2022 Elan Ripstick 102 W

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lengths: 154, 162, 170, 178 cm
radius: 15.8 m at 162 cm
sidecut: 136/102/115 mm

Returning unchanged for 2022, the Elan Risptick 102 W is a fun-loving wider-bodied all-mountain ski that definitely has some freeride influence as well. These sharp-looking sticks are built and shaped to take you to the next level of your skiing career, keeping the fun and stoke alive with their unique construction and shaping techniques. Elan uses a tubelite wood core that incorporates two carbon rods that run the length of the skis along the sides, providing fantastic energy and response for a lot of different skiers. One of the cool things about the Ripstick 102 W is that it uses Elan’s Amphibio rocker profile, putting more camber on the inside edges and more rocker on the outside. This creates an extremely smooth feeling to the ski—neither hooky nor grabby in any snow conditions, making the transition between turns feel as seamless as anything you’ve experienced. Also on that inside edge, Elan uses their Carbon Line technology, placing a carbon laminate along about three-quarters of the inside edges of the skis, putting more emphasis on the carving capabilities of the ski without adding weight. All of this ends up making a fun-loving ski that excels in soft snow, but is no slouch on the firm stuff as well. Interestingly, our two testers (who ski together a lot actually), had slightly different viewpoints on this ski, and that’s most of the fun of running this test. Find a skier with whom you identify, listen, and trust their impression!

Rocker / Camber / Rocker
TubeLite Woodcore
Carbon Rods, Fiberglass, Vapor Tip,
All Mountain, Powder

Danielle Nichols skied the 170 and noted that it skied true to size and was the right length for her. She’s usually on a burlier ski, so it stands to reason that she did find this 102 to be on the more flexible side. Her top score was a 4 out of 5 for flotation, with 3’s given for stability, quickness, maneuverability, versatility, and overall impression. For a slightly wider ski, these are some consistent scores, adding to the versatile reputation of these wider all-mountain skis. Skier input is key with these skis, and we certainly had some softer snow on our test day. Danielle notes that on its own, the 102 “Doesn’t really do much. Fun in the soft bumps. No real reaction when you stand on it. Probably best in deeper snow or soft crud.” For a powerful skier who’s used to skis coming to life when stepped on, Danielle prefers that stronger ski, while the Ripstick requires more of a deft and lighter touch, and that’s fine and good to note.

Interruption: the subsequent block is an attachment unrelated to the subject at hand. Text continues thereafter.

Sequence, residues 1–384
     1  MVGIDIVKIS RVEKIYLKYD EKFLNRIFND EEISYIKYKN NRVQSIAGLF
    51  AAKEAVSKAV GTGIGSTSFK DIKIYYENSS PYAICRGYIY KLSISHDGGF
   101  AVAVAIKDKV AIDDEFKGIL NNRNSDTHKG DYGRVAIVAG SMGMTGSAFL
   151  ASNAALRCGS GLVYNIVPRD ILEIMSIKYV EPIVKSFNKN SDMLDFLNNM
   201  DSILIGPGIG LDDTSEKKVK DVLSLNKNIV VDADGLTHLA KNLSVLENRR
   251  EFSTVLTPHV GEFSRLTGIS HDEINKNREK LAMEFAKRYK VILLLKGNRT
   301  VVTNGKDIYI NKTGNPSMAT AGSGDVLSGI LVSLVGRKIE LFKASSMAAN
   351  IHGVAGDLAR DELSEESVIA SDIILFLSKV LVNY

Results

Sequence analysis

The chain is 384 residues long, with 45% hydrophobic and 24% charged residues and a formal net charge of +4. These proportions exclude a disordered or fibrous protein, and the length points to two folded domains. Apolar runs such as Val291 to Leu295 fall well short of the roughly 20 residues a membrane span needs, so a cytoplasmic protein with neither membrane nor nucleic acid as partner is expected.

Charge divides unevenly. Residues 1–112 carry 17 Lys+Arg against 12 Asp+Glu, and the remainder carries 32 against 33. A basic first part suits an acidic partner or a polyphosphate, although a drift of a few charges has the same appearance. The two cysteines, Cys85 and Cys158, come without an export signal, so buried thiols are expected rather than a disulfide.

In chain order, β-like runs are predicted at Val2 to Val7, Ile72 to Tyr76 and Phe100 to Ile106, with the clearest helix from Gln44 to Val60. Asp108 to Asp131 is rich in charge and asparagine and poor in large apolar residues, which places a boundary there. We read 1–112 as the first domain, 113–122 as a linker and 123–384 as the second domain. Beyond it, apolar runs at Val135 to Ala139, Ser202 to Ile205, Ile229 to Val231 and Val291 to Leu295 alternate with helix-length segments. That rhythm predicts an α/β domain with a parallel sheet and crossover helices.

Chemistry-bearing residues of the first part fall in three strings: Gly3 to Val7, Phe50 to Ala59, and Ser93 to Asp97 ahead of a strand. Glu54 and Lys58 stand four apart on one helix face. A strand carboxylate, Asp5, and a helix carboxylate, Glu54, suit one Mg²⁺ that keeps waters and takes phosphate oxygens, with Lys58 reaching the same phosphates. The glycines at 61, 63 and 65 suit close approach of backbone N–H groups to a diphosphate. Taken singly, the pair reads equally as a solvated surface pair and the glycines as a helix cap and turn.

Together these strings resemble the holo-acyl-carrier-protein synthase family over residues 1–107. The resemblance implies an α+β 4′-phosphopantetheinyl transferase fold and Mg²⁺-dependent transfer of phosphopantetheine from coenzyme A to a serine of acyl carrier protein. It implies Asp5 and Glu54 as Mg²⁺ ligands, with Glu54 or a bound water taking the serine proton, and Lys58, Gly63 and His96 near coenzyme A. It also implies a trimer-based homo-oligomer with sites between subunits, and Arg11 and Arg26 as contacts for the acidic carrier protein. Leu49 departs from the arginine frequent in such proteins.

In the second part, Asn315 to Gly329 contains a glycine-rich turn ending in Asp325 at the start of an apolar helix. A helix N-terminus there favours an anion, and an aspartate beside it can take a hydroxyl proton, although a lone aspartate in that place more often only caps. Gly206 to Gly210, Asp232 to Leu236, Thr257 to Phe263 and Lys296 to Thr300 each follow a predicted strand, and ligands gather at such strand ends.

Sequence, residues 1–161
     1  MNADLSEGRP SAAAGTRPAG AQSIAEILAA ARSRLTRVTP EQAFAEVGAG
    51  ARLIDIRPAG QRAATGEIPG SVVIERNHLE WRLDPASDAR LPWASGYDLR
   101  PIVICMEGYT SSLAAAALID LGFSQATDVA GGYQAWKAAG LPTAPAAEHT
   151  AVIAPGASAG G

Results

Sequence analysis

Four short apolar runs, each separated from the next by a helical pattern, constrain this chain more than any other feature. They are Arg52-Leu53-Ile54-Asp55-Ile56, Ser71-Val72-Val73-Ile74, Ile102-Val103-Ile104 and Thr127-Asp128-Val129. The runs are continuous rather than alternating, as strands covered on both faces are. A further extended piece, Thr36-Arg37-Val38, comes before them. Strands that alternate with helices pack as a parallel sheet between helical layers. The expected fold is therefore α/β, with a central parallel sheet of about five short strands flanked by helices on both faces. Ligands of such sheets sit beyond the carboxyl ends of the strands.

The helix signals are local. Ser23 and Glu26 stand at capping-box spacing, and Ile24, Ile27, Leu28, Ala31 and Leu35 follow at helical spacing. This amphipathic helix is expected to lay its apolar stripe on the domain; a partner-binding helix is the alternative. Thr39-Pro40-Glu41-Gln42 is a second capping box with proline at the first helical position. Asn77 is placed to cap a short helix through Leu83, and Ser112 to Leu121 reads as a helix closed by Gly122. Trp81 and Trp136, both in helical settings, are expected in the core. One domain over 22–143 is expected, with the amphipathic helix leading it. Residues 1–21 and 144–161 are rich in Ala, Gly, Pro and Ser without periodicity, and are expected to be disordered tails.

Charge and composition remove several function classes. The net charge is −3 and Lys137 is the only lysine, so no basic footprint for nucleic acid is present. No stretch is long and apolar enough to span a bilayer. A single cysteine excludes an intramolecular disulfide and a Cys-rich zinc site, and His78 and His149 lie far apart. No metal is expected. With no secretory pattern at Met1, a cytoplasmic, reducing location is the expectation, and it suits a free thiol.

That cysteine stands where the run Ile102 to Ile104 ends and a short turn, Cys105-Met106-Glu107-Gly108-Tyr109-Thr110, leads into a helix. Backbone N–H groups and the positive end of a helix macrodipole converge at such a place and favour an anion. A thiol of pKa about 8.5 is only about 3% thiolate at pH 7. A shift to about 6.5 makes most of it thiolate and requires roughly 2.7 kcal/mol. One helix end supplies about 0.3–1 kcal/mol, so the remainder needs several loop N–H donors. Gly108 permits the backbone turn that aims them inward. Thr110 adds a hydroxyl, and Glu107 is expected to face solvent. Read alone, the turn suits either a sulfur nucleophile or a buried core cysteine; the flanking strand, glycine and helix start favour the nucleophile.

Also on the 170, Kristi Brown had a pretty different experience on the Ripstick 102. She noted that it felt a tad long for the softer conditions, but would likely not get a smaller ski if she were to purchase for herself. While Danielle had low scores of 3 and 2 out of 5 for stability and torsional stiffness respectively, Kristi gave both of those categories top scores of 5, showing a respectful difference of opinion when it comes to those traits of the ski. Kristi’s other high scores of 4 out of 5 were given for flotation and overall impression, so it’s fair to say that she had a more favorable experience on the Ripstick 102 W versus Danielle. “This Ripstick rolls like a baller! Seriously strong platform ski that crushes hard pack and plows through crud. Loves big, fast skiing, but small radius turns and bumps are a no go! Intermediates need not apply. The aggressive take no prisoner charger that loves blasting the mountain.” While Danielle seemed to have a good time on the 102 in the bumps, Kristi was just the opposite, preferring the ski in wider spaces and higher speeds.

It’s always interesting when two skiers of similar experience and ability have differing opinions on a ski, and that’s what makes the whole sport so interesting and fun. It would be boring if they were all the same and everyone felt the same way about the same ski and how it performs, and that’s the best part of our testing process, in our humble opinion.

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